by Jennifer M. Smith, Esq.

Undoubtedly due to recent media coverage and increased awareness of the dangerous addictive effects of narcotic pain killers, proposed legislation in Minnesota would require written contracts between physicians who prescribe opioid pain medications and the workers’ compensation patients who receive them. As reported in a recent Business Insurance article H.B. and S.B. 1603 seek to establish standards for workers’ compensation healthcare providers when prescribing narcotic medications, but the legislation falls short of requiring any specific language for the proposed contracts. The proposed legislation also includes the creation of a program that would advise injured workers on the risks of spinal fusion surgeries, another area of growing cost and concern in the workers’ compensation realm.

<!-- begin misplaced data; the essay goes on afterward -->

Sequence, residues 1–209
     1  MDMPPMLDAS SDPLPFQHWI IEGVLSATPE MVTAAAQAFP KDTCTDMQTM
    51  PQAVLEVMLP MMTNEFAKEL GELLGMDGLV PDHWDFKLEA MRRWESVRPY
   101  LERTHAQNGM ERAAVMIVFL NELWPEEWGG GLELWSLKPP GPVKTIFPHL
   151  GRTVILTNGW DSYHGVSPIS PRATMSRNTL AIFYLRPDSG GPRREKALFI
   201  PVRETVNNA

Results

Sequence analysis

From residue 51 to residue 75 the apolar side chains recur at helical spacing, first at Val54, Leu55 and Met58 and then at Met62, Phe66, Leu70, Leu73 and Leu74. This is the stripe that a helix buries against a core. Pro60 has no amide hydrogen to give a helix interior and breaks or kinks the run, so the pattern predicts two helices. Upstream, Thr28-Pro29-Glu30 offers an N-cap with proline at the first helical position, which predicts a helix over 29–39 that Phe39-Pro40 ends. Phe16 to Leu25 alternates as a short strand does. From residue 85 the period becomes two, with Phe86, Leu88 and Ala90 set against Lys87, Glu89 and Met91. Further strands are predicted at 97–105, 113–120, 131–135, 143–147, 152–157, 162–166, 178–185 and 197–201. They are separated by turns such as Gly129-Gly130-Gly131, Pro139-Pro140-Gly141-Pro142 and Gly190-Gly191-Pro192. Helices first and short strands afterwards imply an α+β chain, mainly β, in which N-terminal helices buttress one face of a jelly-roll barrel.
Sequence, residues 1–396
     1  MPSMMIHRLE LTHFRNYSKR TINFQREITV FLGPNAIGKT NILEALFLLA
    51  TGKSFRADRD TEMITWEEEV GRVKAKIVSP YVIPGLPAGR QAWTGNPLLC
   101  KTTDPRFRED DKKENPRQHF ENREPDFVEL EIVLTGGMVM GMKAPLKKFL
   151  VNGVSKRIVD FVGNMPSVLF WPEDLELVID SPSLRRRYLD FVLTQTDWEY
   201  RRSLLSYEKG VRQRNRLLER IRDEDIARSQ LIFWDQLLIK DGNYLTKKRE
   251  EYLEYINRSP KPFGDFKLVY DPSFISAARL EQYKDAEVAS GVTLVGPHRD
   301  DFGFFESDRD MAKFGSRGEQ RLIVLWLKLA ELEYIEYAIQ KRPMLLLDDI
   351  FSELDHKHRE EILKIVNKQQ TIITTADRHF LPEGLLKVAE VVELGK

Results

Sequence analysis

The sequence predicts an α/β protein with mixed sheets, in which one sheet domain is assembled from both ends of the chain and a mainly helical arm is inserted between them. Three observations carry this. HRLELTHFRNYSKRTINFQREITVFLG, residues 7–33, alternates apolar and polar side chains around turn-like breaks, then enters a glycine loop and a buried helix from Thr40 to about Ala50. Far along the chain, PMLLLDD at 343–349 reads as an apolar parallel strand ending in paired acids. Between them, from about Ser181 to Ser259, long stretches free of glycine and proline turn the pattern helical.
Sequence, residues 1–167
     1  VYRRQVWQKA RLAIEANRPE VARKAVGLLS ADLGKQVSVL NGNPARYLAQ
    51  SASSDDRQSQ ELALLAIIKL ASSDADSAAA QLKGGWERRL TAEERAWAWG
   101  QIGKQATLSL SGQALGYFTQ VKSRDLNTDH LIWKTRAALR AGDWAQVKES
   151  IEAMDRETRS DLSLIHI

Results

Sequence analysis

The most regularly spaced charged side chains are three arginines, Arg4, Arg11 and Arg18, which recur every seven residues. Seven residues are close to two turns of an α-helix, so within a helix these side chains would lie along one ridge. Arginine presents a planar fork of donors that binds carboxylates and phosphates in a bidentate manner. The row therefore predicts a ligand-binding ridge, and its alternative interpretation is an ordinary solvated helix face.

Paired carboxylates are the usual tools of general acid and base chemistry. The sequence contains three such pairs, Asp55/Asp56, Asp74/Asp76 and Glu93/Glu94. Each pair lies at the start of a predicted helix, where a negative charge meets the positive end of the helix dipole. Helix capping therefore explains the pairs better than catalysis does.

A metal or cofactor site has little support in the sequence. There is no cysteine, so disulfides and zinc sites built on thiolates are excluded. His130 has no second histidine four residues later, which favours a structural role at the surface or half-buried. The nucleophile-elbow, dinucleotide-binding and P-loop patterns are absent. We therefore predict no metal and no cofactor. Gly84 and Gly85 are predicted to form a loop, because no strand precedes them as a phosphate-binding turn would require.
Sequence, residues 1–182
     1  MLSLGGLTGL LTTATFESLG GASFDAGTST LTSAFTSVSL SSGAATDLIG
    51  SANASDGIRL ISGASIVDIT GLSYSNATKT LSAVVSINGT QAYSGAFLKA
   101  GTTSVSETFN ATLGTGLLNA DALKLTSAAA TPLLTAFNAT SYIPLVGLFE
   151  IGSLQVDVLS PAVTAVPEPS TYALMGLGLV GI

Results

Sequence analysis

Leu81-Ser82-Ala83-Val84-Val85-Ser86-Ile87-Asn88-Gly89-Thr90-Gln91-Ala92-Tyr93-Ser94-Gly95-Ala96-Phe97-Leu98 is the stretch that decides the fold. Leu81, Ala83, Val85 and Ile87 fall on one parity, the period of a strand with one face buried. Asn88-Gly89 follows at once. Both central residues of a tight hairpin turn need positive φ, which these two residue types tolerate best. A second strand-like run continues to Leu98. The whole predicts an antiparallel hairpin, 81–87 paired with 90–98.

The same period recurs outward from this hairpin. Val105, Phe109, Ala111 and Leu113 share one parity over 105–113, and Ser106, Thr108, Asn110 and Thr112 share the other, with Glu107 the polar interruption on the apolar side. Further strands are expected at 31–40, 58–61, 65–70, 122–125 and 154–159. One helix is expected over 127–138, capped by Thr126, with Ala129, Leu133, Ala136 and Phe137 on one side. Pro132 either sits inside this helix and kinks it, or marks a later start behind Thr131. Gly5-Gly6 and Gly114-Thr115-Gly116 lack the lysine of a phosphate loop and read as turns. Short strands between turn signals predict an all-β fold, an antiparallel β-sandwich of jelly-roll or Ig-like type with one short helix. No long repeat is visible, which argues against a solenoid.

Georgia does not currently have any requirement for a contract between physicians and workers’ compensation claimants regarding opioid prescriptions, although several reputable physician practices have elected to use such documents to ensure their patients are aware of the dangers of narcotic pain medications and to set expectations regarding these prescriptions.